I was out the other night with my sweetie’s co-workers, helping to celebrate one of their birthdays. It came up that one of the co-workers had just attended a workshop that day on Twitter. I, of course, Twitter enthusiast that I am, was all over it.
“So, are you going to join??” I asked, thinking, “I have to get her handle so I can follow her.”
“No,” she said. “What’s the point? It’s a lot of noise. I don’t want to know the minutae of people’s lives.”
Hmm… good point. Hard to argue with that.
There is a lot of noise on Twitter. Clearly, having tools like Tweet Deck or HootSuite to deal with thousands of Tweets daily makes a big difference. But there’s a bigger problem, here.
Here are two good reasons NOT to join Twitter:
1. If you don’t have a purpose for Twittering, and you don’t have a plan. I wrote a while back about Oprah joining Twitter, and how anything she touches turns to gold (by which I mean, becomes immensely popular). If you are thinking, “hey, this Twitter thing sounds cool, everyone I know is doing it, I should check it out,” that’s fine, but stop first, and do some research and planning.
What do you want to use Twitter for? It’s most useful application is to drive traffic. So, if you have ablog, vlog, podcast, or Flickr steam, Twitter can be really useful for increasing your stats. It can help to drive traffic to your website. If you have a business, it can help you to promote special deals and sales. But it’s good to have a plan going in–how are you going to use it? When will you tweet? Map this stuff out before you begin.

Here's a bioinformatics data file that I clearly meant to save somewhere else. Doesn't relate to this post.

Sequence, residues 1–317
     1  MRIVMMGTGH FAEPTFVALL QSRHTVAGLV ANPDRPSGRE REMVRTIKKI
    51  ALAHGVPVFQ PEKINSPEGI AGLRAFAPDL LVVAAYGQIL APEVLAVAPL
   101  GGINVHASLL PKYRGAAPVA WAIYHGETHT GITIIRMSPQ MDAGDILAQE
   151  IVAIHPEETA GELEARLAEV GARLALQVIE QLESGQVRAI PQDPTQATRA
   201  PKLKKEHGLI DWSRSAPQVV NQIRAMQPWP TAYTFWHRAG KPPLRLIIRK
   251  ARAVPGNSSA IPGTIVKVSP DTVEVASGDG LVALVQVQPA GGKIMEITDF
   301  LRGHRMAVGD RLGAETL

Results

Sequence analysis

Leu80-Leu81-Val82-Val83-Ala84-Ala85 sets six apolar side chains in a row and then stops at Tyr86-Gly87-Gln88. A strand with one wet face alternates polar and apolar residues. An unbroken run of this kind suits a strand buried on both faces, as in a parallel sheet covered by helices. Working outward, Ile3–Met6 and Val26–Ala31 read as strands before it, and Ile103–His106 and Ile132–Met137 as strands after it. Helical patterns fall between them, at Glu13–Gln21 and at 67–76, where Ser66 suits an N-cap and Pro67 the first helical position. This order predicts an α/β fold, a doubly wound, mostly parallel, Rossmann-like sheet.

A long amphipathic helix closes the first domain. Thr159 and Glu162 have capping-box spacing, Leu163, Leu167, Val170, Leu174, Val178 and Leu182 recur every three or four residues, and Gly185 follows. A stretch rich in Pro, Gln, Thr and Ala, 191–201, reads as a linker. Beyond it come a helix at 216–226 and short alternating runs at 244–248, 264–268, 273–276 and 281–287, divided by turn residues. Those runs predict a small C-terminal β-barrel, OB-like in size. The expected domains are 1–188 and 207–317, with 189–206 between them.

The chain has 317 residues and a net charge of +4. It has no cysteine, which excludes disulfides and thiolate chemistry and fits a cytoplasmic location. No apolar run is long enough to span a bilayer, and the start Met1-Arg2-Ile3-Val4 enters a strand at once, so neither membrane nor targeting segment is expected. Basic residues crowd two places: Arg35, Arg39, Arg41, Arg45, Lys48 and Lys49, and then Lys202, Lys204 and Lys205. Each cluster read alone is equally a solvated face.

2. You have the time and energy to put into it. You can’t join Twitter, follow 1,000 in 10 minutes, and expect that you’ve done your job. Social Media is all about making connections. You can Twitter on five minutes a week, but for me, the minimum would be 5-10 minutes, three times a day. Because Twitter is real time, things happen fast, so it’s good to check in more than once every 24-hours. You need to respond to interesting tweets, Re-Tweet stuff you like, and respond to people. If you are doing nothing but putting your own stuff out there, people will quickly loose interest. They want connectivity as well.
There was a big hoo-haa about this Neilson Blog post about Twitter’s recidivism rate. Turns out, only about 40% of the people that will sign up for Twitter this month will continue to post. The other 60% will abandon their accounts (it’s coined a new term: Twitter Quitter). I get it. Twitter’s hard. Not to learn the interface, or to get started, but to learn the nuances of the culture, takes time. (shameless plug: or you could hire Simon and I to do a workshop for you).
I’m okay with people not jumping on the Twitter bandwagon. I am excited about people who are excited to join for the right reasons, and who are committed enough to keep at it and follow through and to create Tweets with value. Maybe there will be less people twittering about their ham sandwich they had for lunch, and that is never going to be a bad thing.